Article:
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How investors learned to stop worrying and bought cheap UK shares in the stock market crash

Harvey Jones
·4-min read
Happy woman with excess weight smiling and dancing alone in sports clothes
Happy woman with excess weight smiling and dancing alone in sports clothes

It may sound counterintuitive, but the best time to buy cheap UK shares is bang in the middle of a stock market crash. Your favourite companies are temporarily trading at knock-down prices, so you can pick them up on the cheap. All you need do then is wait for stock markets to recover, as history suggests they always do in the end.

It isn’t easy though. You have to defy the urge to panic and sell your shares along with everybody else. That’s challenging, especially when the TV and internet are pumping out terrifying headlines about a market meltdown. Happily, new research suggests Britons are rising to that challenge.

Instead of worrying and selling UK shares when markets crash, investors have learned to buy them while they are cheap. When Covid-19 struck, the number of ordinary private investors buying company stocks spiked. Impressively, 1.5m people bought shares for the first time in their lives, according to a survey by specialist exchange-traded fund provider GraniteShares.

Stock market crash is a great buying opportunity

The biggest motivation, named by 30%, was because UK shares fell dramatically, and the chance to buy cheap stocks wasn’t to be missed. They got that right, with the FTSE 100 rebounding more than 20% from its March lows.

Another 25% said they wanted to take advantage of increased share price volatility. That also makes sense, because when markets are volatile you can find top UK stocks trading at dirt-cheap valuations,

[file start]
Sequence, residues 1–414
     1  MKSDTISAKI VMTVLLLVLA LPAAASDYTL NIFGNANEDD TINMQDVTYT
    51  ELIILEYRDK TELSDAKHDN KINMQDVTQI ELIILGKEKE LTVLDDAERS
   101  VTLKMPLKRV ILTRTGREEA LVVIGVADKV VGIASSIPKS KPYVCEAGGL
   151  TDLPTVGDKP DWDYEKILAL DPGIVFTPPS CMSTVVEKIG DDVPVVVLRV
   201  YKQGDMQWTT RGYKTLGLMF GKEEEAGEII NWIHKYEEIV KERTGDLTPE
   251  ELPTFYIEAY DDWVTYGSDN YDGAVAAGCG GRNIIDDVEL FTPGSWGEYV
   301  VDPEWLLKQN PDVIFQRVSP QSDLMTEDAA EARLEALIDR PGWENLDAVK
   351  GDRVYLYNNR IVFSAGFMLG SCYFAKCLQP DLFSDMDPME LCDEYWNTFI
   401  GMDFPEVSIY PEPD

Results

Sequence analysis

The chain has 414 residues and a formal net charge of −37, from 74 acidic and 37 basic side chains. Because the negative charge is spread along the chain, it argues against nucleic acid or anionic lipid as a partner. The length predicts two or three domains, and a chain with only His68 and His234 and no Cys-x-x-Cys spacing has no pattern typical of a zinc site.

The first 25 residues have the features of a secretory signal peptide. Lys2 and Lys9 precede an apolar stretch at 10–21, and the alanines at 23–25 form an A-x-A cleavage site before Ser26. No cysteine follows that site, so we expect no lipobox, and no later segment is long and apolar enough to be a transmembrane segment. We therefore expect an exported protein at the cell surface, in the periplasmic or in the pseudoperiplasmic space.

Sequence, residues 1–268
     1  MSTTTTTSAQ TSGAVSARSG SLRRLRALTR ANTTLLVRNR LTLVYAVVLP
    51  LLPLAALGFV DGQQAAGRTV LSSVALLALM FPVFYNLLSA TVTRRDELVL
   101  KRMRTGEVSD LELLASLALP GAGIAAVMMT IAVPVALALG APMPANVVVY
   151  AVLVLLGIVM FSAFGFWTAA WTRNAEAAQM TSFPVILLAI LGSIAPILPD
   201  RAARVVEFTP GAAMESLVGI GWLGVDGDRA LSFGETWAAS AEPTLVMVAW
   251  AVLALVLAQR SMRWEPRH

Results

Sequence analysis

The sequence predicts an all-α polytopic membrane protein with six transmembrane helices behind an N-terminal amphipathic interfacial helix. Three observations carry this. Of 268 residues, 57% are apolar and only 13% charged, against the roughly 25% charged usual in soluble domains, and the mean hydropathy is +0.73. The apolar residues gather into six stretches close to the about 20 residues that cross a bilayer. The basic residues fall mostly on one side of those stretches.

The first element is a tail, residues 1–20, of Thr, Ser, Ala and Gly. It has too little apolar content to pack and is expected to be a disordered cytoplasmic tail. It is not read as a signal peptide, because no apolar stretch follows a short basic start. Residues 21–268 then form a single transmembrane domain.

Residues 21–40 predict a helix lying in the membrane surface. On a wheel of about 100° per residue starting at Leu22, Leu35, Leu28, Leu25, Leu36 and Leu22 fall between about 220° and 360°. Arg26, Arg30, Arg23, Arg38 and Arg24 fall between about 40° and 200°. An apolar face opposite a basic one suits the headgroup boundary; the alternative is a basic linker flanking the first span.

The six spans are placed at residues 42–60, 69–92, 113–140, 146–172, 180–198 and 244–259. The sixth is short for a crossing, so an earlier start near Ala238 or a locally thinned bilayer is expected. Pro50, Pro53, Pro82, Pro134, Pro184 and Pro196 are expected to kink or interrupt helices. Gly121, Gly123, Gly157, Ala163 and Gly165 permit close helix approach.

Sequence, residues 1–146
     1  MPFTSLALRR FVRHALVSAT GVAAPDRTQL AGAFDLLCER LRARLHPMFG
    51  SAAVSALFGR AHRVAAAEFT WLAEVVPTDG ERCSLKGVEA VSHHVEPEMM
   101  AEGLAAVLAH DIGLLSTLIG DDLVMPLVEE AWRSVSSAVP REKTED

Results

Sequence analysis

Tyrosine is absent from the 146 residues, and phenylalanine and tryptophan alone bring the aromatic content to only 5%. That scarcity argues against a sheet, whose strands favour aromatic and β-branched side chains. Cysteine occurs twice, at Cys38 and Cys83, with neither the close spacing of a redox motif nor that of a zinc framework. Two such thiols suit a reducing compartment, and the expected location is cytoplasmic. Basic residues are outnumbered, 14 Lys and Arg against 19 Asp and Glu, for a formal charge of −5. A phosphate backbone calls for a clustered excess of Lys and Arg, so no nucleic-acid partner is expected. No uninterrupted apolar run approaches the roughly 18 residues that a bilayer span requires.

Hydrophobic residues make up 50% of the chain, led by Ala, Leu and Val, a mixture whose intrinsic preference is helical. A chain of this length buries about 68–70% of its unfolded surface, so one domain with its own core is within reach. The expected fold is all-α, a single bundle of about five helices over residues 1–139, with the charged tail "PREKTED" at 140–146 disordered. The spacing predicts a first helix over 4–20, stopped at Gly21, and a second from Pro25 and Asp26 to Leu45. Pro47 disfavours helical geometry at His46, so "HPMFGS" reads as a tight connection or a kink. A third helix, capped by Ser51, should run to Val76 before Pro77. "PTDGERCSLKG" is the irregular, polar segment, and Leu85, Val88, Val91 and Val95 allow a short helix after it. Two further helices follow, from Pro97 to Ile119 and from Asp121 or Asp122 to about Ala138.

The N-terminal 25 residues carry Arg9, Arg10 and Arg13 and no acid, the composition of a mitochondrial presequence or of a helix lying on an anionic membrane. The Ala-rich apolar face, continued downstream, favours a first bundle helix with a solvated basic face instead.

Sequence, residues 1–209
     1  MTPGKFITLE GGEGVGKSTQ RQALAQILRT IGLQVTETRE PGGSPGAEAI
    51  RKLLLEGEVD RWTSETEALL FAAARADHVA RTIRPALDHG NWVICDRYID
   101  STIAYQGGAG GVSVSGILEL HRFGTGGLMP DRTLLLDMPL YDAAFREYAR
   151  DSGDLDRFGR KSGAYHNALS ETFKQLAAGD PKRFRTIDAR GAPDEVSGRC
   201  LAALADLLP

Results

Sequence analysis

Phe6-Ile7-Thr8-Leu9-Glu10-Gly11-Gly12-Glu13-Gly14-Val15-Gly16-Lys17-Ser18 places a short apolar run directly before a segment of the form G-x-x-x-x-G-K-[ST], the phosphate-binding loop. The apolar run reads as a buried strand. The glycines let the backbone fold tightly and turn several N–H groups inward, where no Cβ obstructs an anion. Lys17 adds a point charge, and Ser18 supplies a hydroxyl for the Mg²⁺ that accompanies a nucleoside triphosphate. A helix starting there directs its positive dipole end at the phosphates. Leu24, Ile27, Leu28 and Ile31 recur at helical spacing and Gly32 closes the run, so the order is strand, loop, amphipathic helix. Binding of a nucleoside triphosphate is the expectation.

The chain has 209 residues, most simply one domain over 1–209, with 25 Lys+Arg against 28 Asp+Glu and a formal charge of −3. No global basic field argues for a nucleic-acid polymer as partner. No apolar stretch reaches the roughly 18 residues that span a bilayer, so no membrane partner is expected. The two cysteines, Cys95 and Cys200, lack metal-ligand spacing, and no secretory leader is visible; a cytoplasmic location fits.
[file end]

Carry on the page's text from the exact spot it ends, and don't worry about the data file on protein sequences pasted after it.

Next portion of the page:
A further 22% bought when share prices started to rise dramatically, because they didn’t want to miss out. There’s a whiff of herd mentality about this one, but if you buy UK shares in the early stages of the recovery, it can still pay off.

When shopping for cheap UK shares, always keep your eye on the long term. At The Motley Fool, we encourage people to buy and hold shares for decades, to steadily build their wealth for their retirement. Never trade in the hope of making a fast buck.

Unfortunately, GraniteShares’ research shows many investors are doing exactly that. Worryingly, 11% were trading because they could no longer bet on sporting events that had been cancelled. Investing is a long-term process, not a short-term flutter. You should aim to build a balanced portfolio of FTSE 100 dividend and growth stocks, to reduce the risk if one underperforms. Making short-term trades usually backfires.

Buy cheap UK shares for the long term

Most alarmingly, 11% were trading because they’d been made redundant and wanted to make money. Now that really does worry me. You should never try to trade your way out of financial problems.

Investors cannot resist cheap UK shares. Many are buying stricken engineering firm Rolls-Royce, GraniteShares says. Fallen banks Barclays and Lloyds Banking Group are also popular, as are troubled energy giants BP and Royal Dutch Shell. All look tempting at today’s valuations, but please, understand the risks.

Others are buying US tech stocks such as electric car maker Tesla Motors, online retail giant Amazon and iPhone maker Apple.

Right now, I’m targeting cheap UK shares. Thanks to the stock market crash, there are plenty of them out there.

The post How investors learned to stop worrying and bought cheap UK shares in the stock market crash appeared first on The Motley Fool UK.

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John Mackey, CEO of Whole Foods Market, an Amazon subsidiary, is a member of The Motley Fool’s board of directors. Harvey Jones has no position in any of the shares mentioned. The Motley Fool UK owns shares of and has recommended Amazon, Apple, and Tesla. The Motley Fool UK has recommended Barclays and Lloyds Banking Group and recommends the following options: short January 2022 $1940 calls on Amazon and long January 2022 $1920 calls on Amazon. Views expressed on the companies mentioned in this article are those of the writer and therefore may differ from the official recommendations we make in our subscription services such as Share Advisor, Hidden Winners and Pro. Here at The Motley Fool we believe that considering a diverse range of insights makes us better investors.

Motley Fool UK 2020